View Full Version : extreme programming

March 2nd, 2009, 11:39 AM
am about to start learning java, but i want to learn it the right way..
so am trying to integrate my programming skills with approved methods for effective programming. I found a book titled "extreme programming", but it seems to be a controversial programming discipline..what do you think ??

thx in advance

March 2nd, 2009, 11:47 AM
That sort of stuff is only relevant when you're programming in a team and need to start to care about the bureaucratic aspects. You need to get your own skills up to speed first, so I wouldn't care about that stuff at this point.

March 2nd, 2009, 11:53 AM
When I hear "extreme programming", I can only think "Radical, dude!". Programming for skateboarders, or something.

Seriously though, what I've read about it, it's just things that are either obvious, or else useless to me (like pair programming). I'd say, read the book (although I'm not advising you to buy it), but take it with a grain of salt, and make sure it's not the only book about programming practices you read, or the only methodology you focus on, if you must focus on any of them.

To me this kind of thing is mostly vacuous, like "self-help" books/systems. But maybe it would be helpful for someone else.

March 2nd, 2009, 11:56 AM
up to this point, i've got what seems to be a good book on java, and some books that explain how to start development and good practices on programming (such as "code complete" which is widely recommended), now some ppl (actually its my employer) recommend to read a book like code complete before starting to learn java..what do you think ???

March 2nd, 2009, 12:08 PM
I just thought of this and had to share it...

Teenage mutant ninja programmers
Heroes on the bash shell!

This is what the phrase "extreme programming" does to me.

March 2nd, 2009, 12:09 PM
What is your programming experience up until now? I get the impression you're much better off just programming in Java instead of learning how to be a part of a software project in Java...

March 2nd, 2009, 12:16 PM
I think the employer's recommendation is ridiculous, but it's the sort of thing I'd expect a manager to say.

March 2nd, 2009, 12:24 PM
Unless your employer actually is a Java Guru himself, his recommendations might not always be the best, also if it is your employer wants you to learn Java (you never said if it was just you or your work that wanted it) then they should send you to a proper course in Java.
Sun for ex. got lots of training courses for stuff like software development and certification etc. they have web-based and on CD and so on so you don't have to live anywhere special. =)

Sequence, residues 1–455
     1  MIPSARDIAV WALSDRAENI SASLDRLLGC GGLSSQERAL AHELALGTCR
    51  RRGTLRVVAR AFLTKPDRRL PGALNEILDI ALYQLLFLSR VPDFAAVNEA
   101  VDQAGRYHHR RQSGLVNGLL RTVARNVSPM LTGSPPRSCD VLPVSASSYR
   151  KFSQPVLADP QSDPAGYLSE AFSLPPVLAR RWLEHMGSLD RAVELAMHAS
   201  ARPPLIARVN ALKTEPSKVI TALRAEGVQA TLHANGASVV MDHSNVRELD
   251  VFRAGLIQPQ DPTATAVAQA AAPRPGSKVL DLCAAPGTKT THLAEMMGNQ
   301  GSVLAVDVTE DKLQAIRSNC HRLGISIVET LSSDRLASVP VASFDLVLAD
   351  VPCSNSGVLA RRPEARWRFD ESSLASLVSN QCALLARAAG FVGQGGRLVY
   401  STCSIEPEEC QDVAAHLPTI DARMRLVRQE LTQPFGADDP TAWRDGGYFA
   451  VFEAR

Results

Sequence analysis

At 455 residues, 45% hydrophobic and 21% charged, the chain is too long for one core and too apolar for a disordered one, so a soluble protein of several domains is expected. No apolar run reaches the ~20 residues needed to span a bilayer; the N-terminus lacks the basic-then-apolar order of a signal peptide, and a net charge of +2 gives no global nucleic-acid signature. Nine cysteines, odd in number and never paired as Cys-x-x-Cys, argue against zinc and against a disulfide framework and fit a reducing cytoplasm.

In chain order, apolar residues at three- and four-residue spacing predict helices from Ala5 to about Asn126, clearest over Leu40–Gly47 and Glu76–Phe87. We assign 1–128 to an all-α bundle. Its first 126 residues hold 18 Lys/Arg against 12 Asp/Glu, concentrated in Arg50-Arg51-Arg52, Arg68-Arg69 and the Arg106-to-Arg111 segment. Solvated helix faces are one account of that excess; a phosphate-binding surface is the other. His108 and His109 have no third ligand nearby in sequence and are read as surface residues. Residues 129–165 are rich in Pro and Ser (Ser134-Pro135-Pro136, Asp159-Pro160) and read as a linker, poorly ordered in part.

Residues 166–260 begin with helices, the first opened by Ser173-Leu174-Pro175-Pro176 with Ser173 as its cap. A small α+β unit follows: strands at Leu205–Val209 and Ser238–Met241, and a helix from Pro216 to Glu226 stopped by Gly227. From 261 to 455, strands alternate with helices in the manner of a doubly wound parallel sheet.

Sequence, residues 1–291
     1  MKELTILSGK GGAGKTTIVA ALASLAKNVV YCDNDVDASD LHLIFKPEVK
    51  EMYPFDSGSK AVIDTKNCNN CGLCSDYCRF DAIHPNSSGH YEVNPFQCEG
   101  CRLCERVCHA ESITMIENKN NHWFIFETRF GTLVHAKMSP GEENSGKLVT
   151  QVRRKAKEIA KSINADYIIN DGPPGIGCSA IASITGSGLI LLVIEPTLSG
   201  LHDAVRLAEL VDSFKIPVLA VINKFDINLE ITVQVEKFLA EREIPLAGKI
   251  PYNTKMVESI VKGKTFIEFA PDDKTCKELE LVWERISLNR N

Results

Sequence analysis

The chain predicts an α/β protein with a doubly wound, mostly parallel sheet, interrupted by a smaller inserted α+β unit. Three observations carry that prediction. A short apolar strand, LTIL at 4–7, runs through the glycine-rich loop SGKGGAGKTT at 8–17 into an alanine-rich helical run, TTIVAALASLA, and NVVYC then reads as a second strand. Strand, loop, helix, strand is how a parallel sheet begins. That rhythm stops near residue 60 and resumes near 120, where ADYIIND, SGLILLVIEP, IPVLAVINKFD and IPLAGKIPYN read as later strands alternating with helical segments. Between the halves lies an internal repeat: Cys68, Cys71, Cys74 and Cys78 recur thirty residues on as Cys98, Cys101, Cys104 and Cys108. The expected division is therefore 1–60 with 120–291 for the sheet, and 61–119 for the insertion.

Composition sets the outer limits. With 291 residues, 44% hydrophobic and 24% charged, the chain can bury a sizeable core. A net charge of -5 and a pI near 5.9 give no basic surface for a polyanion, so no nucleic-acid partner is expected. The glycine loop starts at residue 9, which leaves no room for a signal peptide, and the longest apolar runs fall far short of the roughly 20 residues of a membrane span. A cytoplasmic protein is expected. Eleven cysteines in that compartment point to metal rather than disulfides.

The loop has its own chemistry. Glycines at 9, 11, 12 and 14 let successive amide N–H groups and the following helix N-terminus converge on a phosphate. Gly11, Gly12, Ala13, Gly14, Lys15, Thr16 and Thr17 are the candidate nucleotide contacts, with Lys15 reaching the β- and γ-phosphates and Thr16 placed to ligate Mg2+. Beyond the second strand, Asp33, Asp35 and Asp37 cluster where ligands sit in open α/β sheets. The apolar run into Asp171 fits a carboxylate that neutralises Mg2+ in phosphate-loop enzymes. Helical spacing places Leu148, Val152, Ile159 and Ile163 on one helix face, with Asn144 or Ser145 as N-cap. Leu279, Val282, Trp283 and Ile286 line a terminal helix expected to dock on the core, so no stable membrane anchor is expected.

March 2nd, 2009, 01:07 PM
yeah i thought so, i felt that his recommendation is a bit awkward..though i must admit that i used c++ before, but not really professionally, just to the extent of some loops and conditions; i mean never employed OOP for instance in a real application.

my employer wants me to get my hands on java since i work on the research part of his software projects, in short my output is supposed to be prototypes for what i researched, written in java..

i must admit that am not quite good in learning programming, since it requires continual practice, and if am to learn java, am thinking about approaching the subject like a beginner (surely there will parts that i might read them rapidly)....my employer insists that i can learn java in a very short time, well, dont know about that !!

March 2nd, 2009, 01:12 PM
I agree with your employer. It's best to understand programming in general before learning a language. The difference between a good programmer and someone who knows a language is the programmer understands programming in a general sense, not just how to write a language. It's also best to have an understanding about how software works, how memory is managed etc. Each language has their differences, but they all share core concepts.

You can definitely learn java in a short time. It is much simpler than C++. Although, if you're not familiar with OOP you might have some difficulty. Java is an excellent language to work with and there is a ton of stuff out on the web for it.

March 2nd, 2009, 01:15 PM
you can try reading "Deitel's Java How To Program" or just use the Sun's Java Tutorial...

and regarding to eXtreme Programming, as what your doing now, it not needed, but if you intend to be a part of a development team in the future, you should grasp the concepts of it, it's all about simplicity and getting the work done for your customer....

March 2nd, 2009, 01:39 PM
Its only a methodology. I wouldn't say its especially controversial. I tend to use a mix of SSADM and DSDM on projects I am involved with.

Understanding the concepts, I feel, is important. Familiarising yourself with different development methodologies enhances your knowledge.